Nicknamed as the “Garden Isle”, the island of Kauai which covers an area of 1,456.4 sq. km, is the fourth largest and the second oldest island in the Hawaiian archipelago. The island is located to the northwest of Oahu Island about 117km across the Kauai Channel. The Kauai Island consists of mountains, rainforests, scenic waterfalls, river valleys, and sugarcane farms. Tourism is the largest industry in Kauai and it has been recorded that as of 2017, more than 1,271,000 people have visited the island of Kauai.
Nicknamed as the “Friendly Isle”, the island of Molokai which covers an area of 673.40 sq. km, is the fifth-largest island in the Hawaiian archipelago. The island is located to the southeast of Oahu Island across the 40km wide Kaiwi Channel. Molokai Island contains some of the world’s tallest sea cliffs and the longest fringing reef in the United States. The largest industry in Molokai Island is the production of Monsanto and Mycogen seeds including the GMO seeds.
Nicknamed as the “Pineapple Isle”, the island of Lanai which covers an area of 363.9 sq. km, is the sixth-largest island in the Hawaiian archipelago. The roughly apostrophe-shaped Lanai Island is separated from the Molokai Island by the Kalohi Channel in the north and from the Maui Island by the Auau Channel in the east. As of the 2010 census, the island supports a population of 3,131 people and is considered the smallest publicly accessible inhabited island in the Hawaiian island chain.
Nicknamed as the “Forbidden Isle”, the island of Niihau which covers an area of 180.0 sq. km, is the seventh-largest and the westernmost island in the Hawaiian archipelago. The island is situated about 28.2 km to the southwest of Kauai across the Kaulakahi Channel. The island’s numerous playa lakes provide critical wetland habitats for many endemic birds such as the Hawaiian coot, Hawaiian duck, and Hawaiian stilt. The island is privately owned by members of the Robinson family and only a limited number of hunting safaris and supervised activity tours are allowed for tourists.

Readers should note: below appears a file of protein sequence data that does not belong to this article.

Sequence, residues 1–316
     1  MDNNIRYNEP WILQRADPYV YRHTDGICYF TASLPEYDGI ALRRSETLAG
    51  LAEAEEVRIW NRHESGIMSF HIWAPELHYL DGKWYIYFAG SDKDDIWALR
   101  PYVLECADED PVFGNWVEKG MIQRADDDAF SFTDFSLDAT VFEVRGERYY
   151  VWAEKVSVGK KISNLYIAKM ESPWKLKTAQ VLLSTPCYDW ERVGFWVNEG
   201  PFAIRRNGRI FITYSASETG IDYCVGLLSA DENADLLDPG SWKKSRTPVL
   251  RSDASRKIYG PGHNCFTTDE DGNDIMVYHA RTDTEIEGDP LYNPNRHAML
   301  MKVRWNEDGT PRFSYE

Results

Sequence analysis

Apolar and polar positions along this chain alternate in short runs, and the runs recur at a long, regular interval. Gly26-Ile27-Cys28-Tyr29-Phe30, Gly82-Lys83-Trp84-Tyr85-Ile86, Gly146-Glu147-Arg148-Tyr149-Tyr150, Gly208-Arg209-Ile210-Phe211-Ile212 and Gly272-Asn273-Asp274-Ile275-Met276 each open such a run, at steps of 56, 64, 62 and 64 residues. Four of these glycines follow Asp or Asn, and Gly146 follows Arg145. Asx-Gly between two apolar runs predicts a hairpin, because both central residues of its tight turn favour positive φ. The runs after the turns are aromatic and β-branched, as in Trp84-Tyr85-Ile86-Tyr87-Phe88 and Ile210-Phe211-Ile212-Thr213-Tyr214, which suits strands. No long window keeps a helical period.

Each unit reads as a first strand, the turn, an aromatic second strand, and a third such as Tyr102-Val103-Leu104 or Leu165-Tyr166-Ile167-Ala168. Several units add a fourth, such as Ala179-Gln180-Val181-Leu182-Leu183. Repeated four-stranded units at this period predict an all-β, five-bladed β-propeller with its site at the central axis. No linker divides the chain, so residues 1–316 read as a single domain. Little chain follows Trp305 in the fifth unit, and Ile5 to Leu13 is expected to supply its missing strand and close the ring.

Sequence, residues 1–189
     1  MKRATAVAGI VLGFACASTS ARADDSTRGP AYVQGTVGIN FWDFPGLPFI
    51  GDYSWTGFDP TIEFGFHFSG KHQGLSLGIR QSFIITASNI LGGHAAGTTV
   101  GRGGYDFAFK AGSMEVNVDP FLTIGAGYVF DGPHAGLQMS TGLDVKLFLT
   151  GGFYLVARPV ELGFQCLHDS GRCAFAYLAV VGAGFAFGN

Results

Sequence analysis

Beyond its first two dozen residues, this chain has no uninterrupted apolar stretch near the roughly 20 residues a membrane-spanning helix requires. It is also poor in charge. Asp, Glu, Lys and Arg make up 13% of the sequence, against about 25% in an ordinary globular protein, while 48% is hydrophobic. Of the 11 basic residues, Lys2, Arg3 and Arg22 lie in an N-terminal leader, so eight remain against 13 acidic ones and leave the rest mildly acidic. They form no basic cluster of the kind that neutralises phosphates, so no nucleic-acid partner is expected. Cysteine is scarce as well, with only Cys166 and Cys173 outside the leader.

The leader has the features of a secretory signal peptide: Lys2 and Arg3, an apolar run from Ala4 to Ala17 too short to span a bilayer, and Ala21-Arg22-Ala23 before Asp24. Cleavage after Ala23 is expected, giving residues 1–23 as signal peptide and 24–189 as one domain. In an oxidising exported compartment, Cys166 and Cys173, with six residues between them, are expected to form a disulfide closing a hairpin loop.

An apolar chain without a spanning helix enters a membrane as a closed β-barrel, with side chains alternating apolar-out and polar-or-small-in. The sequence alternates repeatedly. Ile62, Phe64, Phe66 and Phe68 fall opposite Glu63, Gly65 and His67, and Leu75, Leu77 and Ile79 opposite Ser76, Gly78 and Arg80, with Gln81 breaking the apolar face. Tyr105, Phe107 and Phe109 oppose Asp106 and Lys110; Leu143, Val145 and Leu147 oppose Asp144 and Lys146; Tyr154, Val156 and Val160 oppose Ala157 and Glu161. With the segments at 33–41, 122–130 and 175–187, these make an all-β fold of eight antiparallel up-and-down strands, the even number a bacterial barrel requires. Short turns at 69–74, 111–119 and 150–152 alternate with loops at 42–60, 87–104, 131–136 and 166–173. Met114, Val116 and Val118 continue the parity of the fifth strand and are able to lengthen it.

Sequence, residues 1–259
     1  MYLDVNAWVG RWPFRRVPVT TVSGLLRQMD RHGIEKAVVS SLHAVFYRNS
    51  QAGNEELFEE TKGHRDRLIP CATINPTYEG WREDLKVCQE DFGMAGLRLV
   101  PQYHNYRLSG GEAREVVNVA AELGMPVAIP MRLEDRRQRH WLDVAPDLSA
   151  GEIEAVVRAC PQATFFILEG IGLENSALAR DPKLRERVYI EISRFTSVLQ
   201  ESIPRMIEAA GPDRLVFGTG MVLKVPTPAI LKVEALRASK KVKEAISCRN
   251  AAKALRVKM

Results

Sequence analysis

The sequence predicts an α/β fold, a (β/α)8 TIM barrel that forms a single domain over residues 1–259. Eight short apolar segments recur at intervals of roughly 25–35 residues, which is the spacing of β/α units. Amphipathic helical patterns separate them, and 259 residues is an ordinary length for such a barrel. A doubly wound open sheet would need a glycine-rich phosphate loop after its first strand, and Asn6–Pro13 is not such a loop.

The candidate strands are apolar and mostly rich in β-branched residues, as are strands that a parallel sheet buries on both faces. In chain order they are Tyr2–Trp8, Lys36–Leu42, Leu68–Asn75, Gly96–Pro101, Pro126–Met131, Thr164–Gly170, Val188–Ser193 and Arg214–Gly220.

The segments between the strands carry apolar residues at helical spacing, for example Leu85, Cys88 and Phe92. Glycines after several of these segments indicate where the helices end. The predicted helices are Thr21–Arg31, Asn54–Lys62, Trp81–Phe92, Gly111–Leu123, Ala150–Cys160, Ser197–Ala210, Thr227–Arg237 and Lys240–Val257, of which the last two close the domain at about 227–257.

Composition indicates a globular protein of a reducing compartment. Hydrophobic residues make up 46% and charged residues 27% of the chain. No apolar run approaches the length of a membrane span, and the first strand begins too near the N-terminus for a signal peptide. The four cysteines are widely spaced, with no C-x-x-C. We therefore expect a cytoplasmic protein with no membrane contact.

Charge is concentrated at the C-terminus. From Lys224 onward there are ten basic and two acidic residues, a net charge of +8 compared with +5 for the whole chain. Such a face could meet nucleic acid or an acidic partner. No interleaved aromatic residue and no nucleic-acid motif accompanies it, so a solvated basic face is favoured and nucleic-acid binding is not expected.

Nicknamed as the “Target Isle”, the island of Kahoolawe which covers an area of only 115.5 sq. km is the smallest of the eight principal islands in the Hawaiian archipelago. The island lacks permanent residents due to the scarcity of fresh water. During the Second World War, the island of Kahoolawe served as a training ground and bombing range by the US Armed Forces. Currently, the island is used only by the native Hawaiian people for cultural and spiritual purposes.
As seen in the above discussion, tourism is the mainstay of the Hawaiian economy and it has been recorded that more than 7 million tourists annually visit the Hawaiian Islands. The pristine Hawaiian islands enjoy a year-round tropical climate attracting a large number of visitors who visit the island state throughout the year. For several decades, the Hawaiian Islands relied on the large number of Japanese tourists who used to visit the islands. But after the economic recession in Japan, there has been a fall in the number of Japanese tourists and an increase in the number of tourists from China and South Korea.